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Indian-American child actor Neel Sethi set to impress in ‘The Jungle Book’

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Los Angeles: The director of the 3D cinematic adaptation of “The Jungle Book”, Jon Favreau, says that the Indian-American child actor Neel Sethi has brought out the charisma, spunk and a bit of swagger of world-famous fictional character Mowgli in the movie.

The team of the Disney movie conducted auditions across several countries to zero in on their Mowgli but settled for a youngster in American with an Indian connect, much like the character himself.

Favreau, known globally as the “Iron Man” and “Chef” director, said Neel’s portrayal as Mowgli is like a flashback tour to his own childhood memories around the animated character.

“You need the personality, humour, charm and the emotion of the characters. That’s really what ‘The Jungle Book’ represents. People don’t think about action… It’s fun to have it, but really what you think about are the characters and the relationships.”

“Neel really seems to capture for me what I remember of Mowgli in the film. He has spunk and a little swagger. He’s just a great kid and I loved working with him,” Favreau said here.

Neel, 12, stays in Manhattan and has his roots in Gujarat, a state to which Prime Minister Narendra Modi comes.

In “The Jungle Book”, the child actor — the only living being in a cast full of animated characters — found himself a part of Favreau’s re-imagined world of an enchanting Indian jungle, the story of which was first told via Rudyard Kipling’s 1894 timeless classic and then brought alive in the eponymous 1967 animated movie.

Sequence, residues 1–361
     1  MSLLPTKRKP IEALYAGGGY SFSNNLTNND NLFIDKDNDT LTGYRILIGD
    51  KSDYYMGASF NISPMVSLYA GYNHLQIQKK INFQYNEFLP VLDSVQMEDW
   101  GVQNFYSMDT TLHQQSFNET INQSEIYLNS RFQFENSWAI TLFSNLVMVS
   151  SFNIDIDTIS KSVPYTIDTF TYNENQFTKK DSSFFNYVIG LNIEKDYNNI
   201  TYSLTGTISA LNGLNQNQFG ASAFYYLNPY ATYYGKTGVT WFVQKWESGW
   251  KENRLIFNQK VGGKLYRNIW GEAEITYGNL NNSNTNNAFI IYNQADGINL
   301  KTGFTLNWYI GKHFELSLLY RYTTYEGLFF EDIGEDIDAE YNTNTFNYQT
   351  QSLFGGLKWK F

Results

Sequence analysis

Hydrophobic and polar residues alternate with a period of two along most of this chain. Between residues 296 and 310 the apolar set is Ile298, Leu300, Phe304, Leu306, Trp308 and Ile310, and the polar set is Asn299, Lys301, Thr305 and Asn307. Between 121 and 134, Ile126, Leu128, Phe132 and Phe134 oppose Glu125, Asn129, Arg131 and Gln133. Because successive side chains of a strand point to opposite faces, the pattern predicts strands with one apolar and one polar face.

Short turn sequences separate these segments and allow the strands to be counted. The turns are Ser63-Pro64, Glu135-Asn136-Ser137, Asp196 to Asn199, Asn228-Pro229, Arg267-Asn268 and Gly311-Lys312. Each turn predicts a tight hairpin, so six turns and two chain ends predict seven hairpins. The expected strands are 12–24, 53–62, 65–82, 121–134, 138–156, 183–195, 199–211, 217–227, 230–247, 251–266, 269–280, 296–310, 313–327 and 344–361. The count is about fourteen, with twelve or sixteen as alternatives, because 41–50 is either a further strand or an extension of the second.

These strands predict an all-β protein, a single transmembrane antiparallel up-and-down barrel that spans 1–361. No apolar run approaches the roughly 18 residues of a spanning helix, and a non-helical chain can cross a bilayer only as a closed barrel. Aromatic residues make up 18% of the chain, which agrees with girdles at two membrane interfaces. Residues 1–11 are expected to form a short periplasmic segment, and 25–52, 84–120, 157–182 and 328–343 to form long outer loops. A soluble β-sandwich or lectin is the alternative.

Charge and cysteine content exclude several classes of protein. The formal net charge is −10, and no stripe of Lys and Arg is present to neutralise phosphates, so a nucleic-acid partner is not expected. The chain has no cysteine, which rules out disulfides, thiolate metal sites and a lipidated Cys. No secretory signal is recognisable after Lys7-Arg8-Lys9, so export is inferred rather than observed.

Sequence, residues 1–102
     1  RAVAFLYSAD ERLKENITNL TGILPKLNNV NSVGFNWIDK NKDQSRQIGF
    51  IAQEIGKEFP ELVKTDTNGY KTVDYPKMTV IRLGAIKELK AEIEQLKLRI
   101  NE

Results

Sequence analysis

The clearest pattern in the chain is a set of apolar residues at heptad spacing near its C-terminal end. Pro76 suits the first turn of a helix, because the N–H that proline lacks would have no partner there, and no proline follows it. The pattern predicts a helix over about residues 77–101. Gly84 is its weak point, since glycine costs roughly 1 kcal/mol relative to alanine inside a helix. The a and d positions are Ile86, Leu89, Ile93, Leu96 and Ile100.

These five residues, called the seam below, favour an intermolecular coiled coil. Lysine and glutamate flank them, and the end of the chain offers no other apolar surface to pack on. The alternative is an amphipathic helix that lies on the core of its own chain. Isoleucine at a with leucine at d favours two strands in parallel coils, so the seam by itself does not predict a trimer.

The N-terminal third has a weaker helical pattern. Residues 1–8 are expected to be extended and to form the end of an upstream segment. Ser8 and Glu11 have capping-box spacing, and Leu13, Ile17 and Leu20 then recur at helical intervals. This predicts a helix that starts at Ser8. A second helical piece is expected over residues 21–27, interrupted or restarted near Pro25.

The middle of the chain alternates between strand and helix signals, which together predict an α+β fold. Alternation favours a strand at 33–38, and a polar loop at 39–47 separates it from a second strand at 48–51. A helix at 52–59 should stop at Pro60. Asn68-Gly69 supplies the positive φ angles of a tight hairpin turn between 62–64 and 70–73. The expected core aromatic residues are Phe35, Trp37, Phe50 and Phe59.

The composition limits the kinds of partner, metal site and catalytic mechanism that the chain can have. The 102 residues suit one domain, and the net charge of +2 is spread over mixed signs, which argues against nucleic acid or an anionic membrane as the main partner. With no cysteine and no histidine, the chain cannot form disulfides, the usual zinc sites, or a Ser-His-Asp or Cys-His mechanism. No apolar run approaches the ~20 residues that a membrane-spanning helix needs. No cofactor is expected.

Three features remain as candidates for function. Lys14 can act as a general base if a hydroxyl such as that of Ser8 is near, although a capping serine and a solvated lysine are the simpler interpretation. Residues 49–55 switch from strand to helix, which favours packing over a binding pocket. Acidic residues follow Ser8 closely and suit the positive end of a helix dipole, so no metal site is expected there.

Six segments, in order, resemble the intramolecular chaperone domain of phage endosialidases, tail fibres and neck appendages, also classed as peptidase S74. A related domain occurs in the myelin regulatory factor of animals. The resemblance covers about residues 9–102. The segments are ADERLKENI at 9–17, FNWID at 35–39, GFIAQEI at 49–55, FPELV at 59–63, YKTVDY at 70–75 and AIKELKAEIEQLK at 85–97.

Favreau was excited as a child when he shared a few glimpses from his movie at Hollywood’s The El Capitan Theatre here earlier this year to a select audience of media persons from across the world.

After showing the clips, which highlighted Mowgli’s chemistry with Baloo, chase sequences and the fight sequence in which the director delved into the whole casting process, he started to get worried when there would be an end to the search for the perfect Mowgli. Then, the team stumbled upon Neel.

“We were really scared because we looked at 2,000 children and I was getting a little worried as casting is everything for me. And especially when a kid is (required to be) on the screen that much in a movie, then you don’t want someone you get tired of, or might look good only for a couple of scenes.

“You’re going to need someone who holds the screen and is interesting to watch… His habits, body movements and physicality reminded me of the Mowgli that I saw as a child,” he added.

For many Indians, the movie’s mention may be a flashback moment to the TV series, which brought Mowgli’s adventures alive in the late 1980s. And bring back memories of the “Jungle jungle pataa chala hai” title track.

But this Mowgli will be a tad different.

The live-action epic adventure will release in India on April 8, a week before it releases in the US. It showcases Mowgli’s journey of self-discovery when he is forced to abandon his home in the forest, and all the creatures he meets during his journey.

Favreau notes that “the other actors who do the voices for the animals were vitally important to bringing the characters to life”. No wonder that Favreau roped in celebrated names for the job — Bill Murray (Baloo), Ben Kingsley (Bagheera), Idris Elba (Shere Khan), Lupita Nyong’o (mother wolf Raksha), Scarlett Johansson (Kaa), and Christopher Walken (King Louie).

But the director said: “We tried to do it enough so you would see the soul of the actor, but not so much that it took you out of the reality of the movie.”